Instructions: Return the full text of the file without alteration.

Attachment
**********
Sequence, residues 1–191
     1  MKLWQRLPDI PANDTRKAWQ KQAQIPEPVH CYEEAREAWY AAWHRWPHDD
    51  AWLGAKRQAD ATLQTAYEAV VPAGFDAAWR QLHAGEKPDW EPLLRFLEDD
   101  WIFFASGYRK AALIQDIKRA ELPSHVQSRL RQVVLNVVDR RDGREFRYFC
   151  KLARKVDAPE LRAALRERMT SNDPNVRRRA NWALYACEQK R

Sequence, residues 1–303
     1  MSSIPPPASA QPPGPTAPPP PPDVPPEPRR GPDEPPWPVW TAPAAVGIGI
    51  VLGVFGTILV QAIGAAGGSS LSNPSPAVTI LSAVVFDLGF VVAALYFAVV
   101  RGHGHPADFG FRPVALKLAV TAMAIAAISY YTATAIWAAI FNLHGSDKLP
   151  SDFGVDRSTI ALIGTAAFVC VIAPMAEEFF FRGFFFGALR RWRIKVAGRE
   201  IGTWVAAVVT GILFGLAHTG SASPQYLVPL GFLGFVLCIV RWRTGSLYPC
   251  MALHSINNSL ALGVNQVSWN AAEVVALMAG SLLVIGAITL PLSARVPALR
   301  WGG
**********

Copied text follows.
Sequence, residues 1–191
     1  MKLWQRLPDI PANDTRKAWQ KQAQIPEPVH CYEEAREAWY AAWHRWPHDD
    51  AWLGAKRQAD ATLQTAYEAV VPAGFDAAWR QLHAGEKPDW EPLLRFLEDD
   101  WIFFASGYRK AALIQDIKRA ELPSHVQSRL RQVVLNVVDR RDGREFRYFC
   151  KLARKVDAPE LRAALRERMT SNDPNVRRRA NWALYACEQK R

Sequence, residues 1–303
     1  MSSIPPPASA QPPGPTAPPP PPDVPPEPRR GPDEPPWPVW TAPAAVGIGI
    51  VLGVFGTILV QAIGAAGGSS LSNPSPAVTI LSAVVFDLGF VVAALYFAVV
   101  RGHGHPADFG FRPVALKLAV TAMAIAAISY YTATAIWAAI FNLHGSDKLP
   151  SDFGVDRSTI ALIGTAAFVC VIAPMAEEFF FRGFFFGALR RWRIKVAGRE
   201  IGTWVAAVVT GILFGLAHTG SASPQYLVPL GFLGFVLCIV RWRTGSLYPC
   251  MALHSINNSL ALGVNQVSWN AAEVVALMAG SLLVIGAITL PLSARVPALR
   301  WGG